Photo: Marc A. Hermann / MTA New York City Transit
Ensuring the continued reliable operation of MTA trains and buses is absolutely essential to the COVID-19 disaster response in the New York region, as well as the economic recovery. Financial rescue measures enacted so far have provided critical resources that kept the lights on, but they amount to triage and will not last long.
Among all American cities, New York is uniquely reliant on its transit system. However, the March relief bill that included transit funding (known as the CARES Act) relied on formulas from federal transportation law that give New York short shrift. The MTA received 15% of transit funds despite carrying 38% of all transit trips in the nation.
Further compounding the problem relative to other locations, the MTA is especially reliant on fare and toll revenue, which has plunged more than any other source of funds. Because New York’s system is so large, and the region is the epicenter of the outbreak in the U.S., the MTA’s need for protective measures and overtime labor is especially great, and the reduction in dedicated tax and toll revenue that supports transit is especially intense.
We estimate that over the next 12 months, the MTA faces an operating shortfall (due to losses in fare, toll, and dedicated tax revenue, and increased costs related to COVID-19) of $8.3-$11.8 billion. This means that, after stimulus funding from the CARES Act is taken into account, the MTA faces a shortfall of at least $4.4-$8.0 billion.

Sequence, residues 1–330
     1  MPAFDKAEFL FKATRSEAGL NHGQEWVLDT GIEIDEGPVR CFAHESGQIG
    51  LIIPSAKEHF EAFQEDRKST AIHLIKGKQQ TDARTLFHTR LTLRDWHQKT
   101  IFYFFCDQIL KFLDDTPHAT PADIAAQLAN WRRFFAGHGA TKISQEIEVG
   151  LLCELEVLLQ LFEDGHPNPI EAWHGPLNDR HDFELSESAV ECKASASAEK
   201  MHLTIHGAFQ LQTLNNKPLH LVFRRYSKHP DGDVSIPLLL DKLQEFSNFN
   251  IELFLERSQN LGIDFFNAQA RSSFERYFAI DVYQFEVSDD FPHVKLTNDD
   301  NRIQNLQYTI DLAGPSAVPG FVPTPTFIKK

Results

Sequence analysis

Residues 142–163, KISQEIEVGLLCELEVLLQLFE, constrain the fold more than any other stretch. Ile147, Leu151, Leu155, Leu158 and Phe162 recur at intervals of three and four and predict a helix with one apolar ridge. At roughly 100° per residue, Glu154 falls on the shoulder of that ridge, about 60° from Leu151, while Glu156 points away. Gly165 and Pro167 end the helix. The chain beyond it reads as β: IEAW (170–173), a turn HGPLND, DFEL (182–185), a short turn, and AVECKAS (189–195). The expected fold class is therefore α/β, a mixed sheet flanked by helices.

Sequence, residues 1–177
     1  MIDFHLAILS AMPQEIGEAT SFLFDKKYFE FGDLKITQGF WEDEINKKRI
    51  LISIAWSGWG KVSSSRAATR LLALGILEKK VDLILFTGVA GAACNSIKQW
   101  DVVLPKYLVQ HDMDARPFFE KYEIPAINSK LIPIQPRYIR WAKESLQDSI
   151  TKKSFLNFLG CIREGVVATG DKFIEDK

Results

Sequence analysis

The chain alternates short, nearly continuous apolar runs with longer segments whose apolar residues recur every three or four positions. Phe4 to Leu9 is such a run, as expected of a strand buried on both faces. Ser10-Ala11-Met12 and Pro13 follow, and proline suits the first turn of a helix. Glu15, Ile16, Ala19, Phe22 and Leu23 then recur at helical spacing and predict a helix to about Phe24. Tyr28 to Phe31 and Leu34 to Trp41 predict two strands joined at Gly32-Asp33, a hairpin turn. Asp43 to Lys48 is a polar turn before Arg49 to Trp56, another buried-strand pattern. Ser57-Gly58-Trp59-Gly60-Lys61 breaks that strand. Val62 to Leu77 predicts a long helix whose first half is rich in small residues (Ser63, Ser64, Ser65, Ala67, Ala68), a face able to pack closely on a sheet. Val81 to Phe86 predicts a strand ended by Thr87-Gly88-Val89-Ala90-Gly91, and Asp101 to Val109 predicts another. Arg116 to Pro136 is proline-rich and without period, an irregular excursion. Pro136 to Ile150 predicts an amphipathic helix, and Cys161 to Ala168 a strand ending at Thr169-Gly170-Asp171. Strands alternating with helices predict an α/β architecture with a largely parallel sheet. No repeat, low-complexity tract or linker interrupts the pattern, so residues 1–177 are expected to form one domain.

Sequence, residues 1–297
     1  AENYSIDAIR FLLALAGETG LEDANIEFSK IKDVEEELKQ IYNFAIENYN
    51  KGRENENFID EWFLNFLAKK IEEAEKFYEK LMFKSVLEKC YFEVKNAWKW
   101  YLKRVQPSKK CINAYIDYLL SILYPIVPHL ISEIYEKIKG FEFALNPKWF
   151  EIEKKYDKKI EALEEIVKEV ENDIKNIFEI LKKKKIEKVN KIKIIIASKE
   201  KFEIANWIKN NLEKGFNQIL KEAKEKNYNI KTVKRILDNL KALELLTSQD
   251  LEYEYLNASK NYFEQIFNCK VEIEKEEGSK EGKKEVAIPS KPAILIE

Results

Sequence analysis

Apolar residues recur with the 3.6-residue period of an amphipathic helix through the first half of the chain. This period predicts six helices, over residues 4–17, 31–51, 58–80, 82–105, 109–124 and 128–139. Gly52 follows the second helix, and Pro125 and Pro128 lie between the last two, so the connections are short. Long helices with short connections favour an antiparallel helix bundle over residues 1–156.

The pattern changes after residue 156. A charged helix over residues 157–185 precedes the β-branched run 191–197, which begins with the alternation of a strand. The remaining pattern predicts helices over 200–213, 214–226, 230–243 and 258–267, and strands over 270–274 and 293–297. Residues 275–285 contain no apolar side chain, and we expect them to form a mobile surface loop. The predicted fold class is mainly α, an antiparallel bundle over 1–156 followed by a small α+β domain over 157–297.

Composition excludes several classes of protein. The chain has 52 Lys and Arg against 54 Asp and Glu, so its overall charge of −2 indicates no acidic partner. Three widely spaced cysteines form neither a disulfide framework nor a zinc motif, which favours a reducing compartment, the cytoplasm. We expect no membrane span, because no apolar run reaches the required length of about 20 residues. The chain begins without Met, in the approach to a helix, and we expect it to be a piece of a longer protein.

This range is meant to capture two scenarios: At the low end, we envision a 6-month crisis where revenue from fares, tolls, and transportation-related taxes precipitously declines, dedicated taxes dip due to a severe downturn, and MTA expenses increase due to higher overtime, benefits, and materials spending. Our high-end estimate envisions a prolonged 12-month period of social distancing and economic shutdown, resulting in steeper declines in these funding sources and additional pressure on city and state sources of funding:
We calculate these scenarios using methods similar to our earlier analysis of national transit financial shortfalls, estimating shortfalls in MTA budget line-item categories. (Click here to read a more complete explanation of the methodology and assumptions used in this analysis.)
MTA agencies are currently experiencing precipitous drops in fare and toll revenue – with declines of 92-98% in fare revenue and 65% in toll revenue. Furthermore, the MTA’s dedicated funding streams include taxes and fees on payrolls, real estate transactions, petroleum, and for-hire vehicle trips — all activities that are sensitive to economic downturns or restrictions on travel.
The MTA is also shouldering enormous new costs to keep its services running as safely as possible — including cleaning, disinfecting, and procuring protective equipment. Because the virus has sidelined a huge share of the MTA workforce, the remaining crews keeping buses and trains running for essential workers must take on longer shifts, and overtime costs are rising.
Our analysis examines the MTA operating budget, and does not include what will surely be substantial impacts to the agency’s funding plan for its capital program. Both the operating and capital budgets must be made whole to ensure that New York can weather this disaster and fully recover once the immediate threat of COVID-19 recedes.
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